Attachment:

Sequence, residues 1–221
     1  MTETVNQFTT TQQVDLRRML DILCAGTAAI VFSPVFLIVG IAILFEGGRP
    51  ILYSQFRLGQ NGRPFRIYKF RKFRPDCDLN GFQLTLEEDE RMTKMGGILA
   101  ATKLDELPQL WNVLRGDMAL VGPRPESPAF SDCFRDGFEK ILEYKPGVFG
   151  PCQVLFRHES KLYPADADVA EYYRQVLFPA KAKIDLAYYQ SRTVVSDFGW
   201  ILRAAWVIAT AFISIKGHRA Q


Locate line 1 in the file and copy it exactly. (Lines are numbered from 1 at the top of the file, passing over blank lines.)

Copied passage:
Sequence, residues 1–221